Saturday, December 18, 2004

The Singularity

The concept of a technological singularity as it is known today is largely credited to Dr. Vernor Vinge, a mathematician, computer scientist, and science fiction author who is best known for his Hugo award-winning novel, A Fire Upon the Deep, and for his 1993 essay "The Technological Singularity", in which he argues that exponential growth in technology will reach a point beyond which we cannot even speculate about the consequences.

Vinge's essay contains the following frequently-quoted statement:

"Within thirty years, we will have the technological means to create superhuman intelligence. Shortly thereafter, the human era will be ended."

The Singularity is seen not only as the end of human civilization, but as the birth of a new one. In his essay, Vinge asks why the human era should end, and argues that humans will likely be transformed in the process of the Singularity to a higher form of intelligent existence. After the creation of a superhuman intelligence, according to Vinge, people will necessarily be a lower lifeform in comparison to it.

If technology can transform the human lifeform, it will surely change the nature of our social contracts.

If the Singularity is real then the following scenario is totally plausible:

In the near future, individuals and corporations will become super beings as the rest of us slowly but surely become "lessers". Thus, the need for cybercoops which can compete on this new playing field is not just a good idea, it will be a necessity.

We will need the very best communicators and the best, most democratic unifying agency we can find just to keep from becoming slaves. The geographic state will not be able to help us. We will need a cyber state.

Imagine going through you day knowing that you have the best cell phone, PDA, and On Star Personal Service imaginable. It is your personal security guard, your personal secretary, your family transportation agent, and your financial manager. You talk and see anywhere and anyone in the world effortlessly. You walk through geographic borders with ease and with confidence.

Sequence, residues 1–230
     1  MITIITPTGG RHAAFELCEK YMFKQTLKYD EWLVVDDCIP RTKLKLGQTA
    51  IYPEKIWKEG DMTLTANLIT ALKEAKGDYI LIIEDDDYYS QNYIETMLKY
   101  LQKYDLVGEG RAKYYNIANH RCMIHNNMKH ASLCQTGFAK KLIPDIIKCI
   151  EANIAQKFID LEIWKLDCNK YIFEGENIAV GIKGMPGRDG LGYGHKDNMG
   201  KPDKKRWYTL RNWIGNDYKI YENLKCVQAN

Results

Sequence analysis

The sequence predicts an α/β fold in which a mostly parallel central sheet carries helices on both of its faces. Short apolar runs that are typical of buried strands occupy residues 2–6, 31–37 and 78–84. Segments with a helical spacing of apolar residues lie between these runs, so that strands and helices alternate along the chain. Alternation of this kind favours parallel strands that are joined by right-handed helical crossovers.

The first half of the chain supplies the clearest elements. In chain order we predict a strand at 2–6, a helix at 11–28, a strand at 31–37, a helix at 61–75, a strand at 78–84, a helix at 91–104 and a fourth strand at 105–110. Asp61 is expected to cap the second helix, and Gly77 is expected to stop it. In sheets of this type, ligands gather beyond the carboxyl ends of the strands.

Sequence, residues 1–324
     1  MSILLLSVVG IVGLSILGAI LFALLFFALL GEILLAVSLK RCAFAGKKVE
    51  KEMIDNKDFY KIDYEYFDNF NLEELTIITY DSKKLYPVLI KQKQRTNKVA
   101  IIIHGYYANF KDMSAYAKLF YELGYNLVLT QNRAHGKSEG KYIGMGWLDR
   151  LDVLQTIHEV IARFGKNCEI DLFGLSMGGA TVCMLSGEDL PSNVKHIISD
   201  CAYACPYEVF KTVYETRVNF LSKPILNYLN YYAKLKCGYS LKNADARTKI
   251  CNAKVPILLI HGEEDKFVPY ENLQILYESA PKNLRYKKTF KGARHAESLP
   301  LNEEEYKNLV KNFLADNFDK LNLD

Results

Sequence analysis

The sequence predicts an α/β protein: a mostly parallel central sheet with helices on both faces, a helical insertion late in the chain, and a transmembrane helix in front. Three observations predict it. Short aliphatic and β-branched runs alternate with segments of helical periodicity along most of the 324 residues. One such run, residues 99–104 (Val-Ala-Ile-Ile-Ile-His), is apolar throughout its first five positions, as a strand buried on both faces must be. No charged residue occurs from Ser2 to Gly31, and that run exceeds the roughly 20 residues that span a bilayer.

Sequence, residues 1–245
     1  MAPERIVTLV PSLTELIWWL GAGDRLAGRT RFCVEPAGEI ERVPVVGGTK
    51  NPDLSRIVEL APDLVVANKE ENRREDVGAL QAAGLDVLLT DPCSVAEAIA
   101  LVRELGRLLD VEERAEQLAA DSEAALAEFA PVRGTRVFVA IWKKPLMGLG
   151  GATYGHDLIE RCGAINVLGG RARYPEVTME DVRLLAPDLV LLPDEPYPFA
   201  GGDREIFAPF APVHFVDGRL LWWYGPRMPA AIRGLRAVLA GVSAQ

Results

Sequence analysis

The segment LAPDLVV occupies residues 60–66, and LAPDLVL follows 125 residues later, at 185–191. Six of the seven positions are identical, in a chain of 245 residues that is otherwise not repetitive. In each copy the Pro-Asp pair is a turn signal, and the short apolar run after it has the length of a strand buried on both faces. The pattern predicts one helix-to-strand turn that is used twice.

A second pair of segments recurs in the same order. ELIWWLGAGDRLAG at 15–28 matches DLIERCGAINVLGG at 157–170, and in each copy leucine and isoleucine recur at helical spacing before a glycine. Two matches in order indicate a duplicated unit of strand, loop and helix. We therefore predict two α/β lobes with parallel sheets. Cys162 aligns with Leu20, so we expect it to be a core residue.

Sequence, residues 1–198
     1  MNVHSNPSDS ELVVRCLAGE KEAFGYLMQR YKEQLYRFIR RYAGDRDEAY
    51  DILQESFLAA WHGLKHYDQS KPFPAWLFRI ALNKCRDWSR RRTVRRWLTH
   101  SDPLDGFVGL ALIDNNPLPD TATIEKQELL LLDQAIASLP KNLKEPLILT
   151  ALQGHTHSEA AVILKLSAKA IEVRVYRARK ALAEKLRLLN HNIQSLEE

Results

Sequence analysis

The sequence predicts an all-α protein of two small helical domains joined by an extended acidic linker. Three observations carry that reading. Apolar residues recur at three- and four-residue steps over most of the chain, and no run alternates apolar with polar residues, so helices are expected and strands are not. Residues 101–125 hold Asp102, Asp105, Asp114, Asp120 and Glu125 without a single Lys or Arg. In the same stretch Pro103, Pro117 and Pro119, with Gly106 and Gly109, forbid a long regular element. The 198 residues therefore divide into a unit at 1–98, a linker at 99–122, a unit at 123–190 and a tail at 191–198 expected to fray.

You are capable of competing with the big guys.

Because you have joined with others to form a new human organism.

You have joined with People of Conscience and People of Vision.

We are not afraid.

On this date, in 1865, the 13 th Amendment to the Constitution of the United States was adopted, and slavery was abolished.

Let's not go back.


4 Comments:

Anonymous Anonymous said...

I am always amazed at the things I learn on this blog.
I check in on almost a daily basis now as if it is Kos, or Eschaton, or Talking Points Memo.

4:18 PM  
Blogger OZ said...

I check out Eschaton, Kos, and Talking Points out everyday myself. They are part of this new community that is now just a few years old. While they focus on politics and the national scene, I think more blogs like this will emerge and become more common as the philophical structure of the cybercommunity begins to develop. This is just the beginning.

4:37 PM  
Blogger JohnnyDakota said...

A friend of mine and I started to toy with writing a sci-fi novel not too long ago. It was more for our own entertainment than for the prospect of seriously publishing anything. Neither of us have the writing savvy to make it happen for real.
In this “book”, automation and artificial intelligent machines had advanced to the point where the technologies produced were developed faster than people could come up ideas to use this technology.
In this era, successful human “think tanks” were the last strictly human endeavor left in our World. These human think tanks were charged with doing nothing all day but examine the various technology innovations that had been developed and, by using good old fashioned human imagination, find uses for this technology to help better mankind. To be a member of an elite think tank was the highest honor and most highly compensated job on the planet.

I really enjoy your blog and I’ll be adding it to my daily blog roll.

Johnny

2:08 PM  
Blogger OZ said...

J D, thanks for your comment.

10:44 AM  

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